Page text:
A recent survey conducted last month by Redfin Real Estate Brokerage, showed that most homebuyers don’t see Housing as an important political issue for this year’s elections.
When asked about how a newly-elected president can affect the housing market, 75% of the respondents believed that the winner won’t affect the industry that much. 15% said that the next president can worsen the current housing market, while only 11% believed that out next leader can improve it.
For the average homebuyer, an individual’s decision to purchase a house is personal, not political. 29% of the survey respondents stated that their decision to buy was brought about by a major life event such as a wedding or having kids. The second most-cited reason for buying, according to the survey, was rent fluctuations- usually, the rent is becoming too high for most people.
Issues such as rent hikes, school quality, accessible city infrastructure, sufficient parking spaces, the availability of green spaces, urban planning and zoning, property taxes… all of these factors are unquestionably political. These are the most common considerations for people before purchasing a house, and we can’t deny that they are linked to good governance.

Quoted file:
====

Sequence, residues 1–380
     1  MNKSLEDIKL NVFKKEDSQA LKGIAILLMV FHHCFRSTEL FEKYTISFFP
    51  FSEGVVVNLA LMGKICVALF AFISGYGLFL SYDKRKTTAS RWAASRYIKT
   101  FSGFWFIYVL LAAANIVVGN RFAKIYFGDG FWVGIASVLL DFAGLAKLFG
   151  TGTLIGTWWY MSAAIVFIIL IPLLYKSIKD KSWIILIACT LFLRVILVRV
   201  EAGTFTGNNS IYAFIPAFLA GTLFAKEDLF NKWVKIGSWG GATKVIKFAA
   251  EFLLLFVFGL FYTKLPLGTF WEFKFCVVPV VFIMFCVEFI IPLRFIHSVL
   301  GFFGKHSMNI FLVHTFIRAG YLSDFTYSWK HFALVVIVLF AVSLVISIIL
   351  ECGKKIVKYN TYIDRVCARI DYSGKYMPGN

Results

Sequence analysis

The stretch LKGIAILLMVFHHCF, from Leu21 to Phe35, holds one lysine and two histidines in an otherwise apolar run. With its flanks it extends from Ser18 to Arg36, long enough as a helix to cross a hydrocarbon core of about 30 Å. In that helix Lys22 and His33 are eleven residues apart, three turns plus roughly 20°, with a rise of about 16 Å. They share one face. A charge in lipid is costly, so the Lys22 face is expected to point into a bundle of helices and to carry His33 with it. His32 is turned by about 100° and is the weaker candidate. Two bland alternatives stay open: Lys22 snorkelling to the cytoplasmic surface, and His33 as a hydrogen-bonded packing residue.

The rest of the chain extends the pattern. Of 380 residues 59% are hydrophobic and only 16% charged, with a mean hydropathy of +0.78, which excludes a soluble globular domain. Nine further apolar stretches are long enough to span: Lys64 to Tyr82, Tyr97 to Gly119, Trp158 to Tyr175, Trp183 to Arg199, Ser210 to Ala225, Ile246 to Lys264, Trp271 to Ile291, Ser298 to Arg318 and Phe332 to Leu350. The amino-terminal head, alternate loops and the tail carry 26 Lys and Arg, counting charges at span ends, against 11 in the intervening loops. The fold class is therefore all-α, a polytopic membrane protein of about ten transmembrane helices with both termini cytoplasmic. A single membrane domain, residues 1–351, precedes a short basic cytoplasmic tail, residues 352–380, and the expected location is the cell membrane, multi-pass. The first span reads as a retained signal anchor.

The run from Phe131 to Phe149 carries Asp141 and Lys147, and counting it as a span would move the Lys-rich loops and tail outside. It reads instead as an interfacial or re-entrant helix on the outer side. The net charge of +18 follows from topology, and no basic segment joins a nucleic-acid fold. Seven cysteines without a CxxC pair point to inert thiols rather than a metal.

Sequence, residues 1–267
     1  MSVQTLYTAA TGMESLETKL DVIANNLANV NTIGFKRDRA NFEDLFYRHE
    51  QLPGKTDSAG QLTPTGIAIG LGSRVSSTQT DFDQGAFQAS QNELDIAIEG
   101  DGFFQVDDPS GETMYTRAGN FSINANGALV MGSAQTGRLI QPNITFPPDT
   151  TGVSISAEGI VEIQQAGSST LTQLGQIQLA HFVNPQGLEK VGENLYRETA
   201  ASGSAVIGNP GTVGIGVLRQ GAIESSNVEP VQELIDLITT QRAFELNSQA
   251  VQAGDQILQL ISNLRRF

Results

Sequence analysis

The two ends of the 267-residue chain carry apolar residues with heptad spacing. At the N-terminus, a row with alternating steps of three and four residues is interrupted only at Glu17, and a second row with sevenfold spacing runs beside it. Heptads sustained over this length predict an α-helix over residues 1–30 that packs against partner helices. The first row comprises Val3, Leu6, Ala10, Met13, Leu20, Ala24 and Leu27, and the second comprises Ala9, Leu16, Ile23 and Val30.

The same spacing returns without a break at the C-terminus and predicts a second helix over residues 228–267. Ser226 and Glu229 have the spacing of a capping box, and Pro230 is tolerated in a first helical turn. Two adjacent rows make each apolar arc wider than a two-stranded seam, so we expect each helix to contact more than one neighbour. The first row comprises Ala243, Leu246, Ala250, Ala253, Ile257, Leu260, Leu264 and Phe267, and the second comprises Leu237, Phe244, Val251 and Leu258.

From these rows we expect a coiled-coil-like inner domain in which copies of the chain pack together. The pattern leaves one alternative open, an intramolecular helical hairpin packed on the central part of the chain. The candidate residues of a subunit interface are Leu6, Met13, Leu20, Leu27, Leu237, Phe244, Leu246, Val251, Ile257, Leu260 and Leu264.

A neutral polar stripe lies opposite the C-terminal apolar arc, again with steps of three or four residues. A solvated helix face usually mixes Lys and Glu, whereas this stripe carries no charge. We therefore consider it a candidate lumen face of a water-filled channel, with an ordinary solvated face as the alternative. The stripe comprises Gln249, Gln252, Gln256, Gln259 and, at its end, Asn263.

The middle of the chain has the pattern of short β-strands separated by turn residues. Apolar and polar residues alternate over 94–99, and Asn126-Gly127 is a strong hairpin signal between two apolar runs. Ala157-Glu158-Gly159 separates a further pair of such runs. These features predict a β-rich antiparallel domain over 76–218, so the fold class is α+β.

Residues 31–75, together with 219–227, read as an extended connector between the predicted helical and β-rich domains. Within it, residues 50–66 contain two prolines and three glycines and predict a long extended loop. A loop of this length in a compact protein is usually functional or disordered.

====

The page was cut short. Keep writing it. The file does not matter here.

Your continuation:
State and local races are therefore the concern of every citizen.
But what about for the national candidates? Well, housing accounts for roughly 18% of our nation’s economy. Taxpayers back most US home loans, whether directly or indirectly. The Federal Reserve sets monetary policy, which then in turn affects mortgage rates. The US Congress determines fiscal policy and therefore has the power to decide on issues about mortgage tax deductions and tax breaks. Furthermore, national environmental and safety laws can hugely affect how and where your house will be built.
According to Redfin Chief Economist, Nela Richardson, “Housing is seen by the government as an engine of wealth creation for the middle class. With income inequality a growing concern, housing still plays a crucial role in economic well-being for most families and that’s an issue worth voting for.”
In addition, our next president will also be forced to set a national housing agenda whether he wants to or not.
So in the end, your vote still does matter. As homeowners, builders, and contractors, we all have a stake in this. As informed industry professionals, let us do our part in reminding the public about how every vote truly counts.
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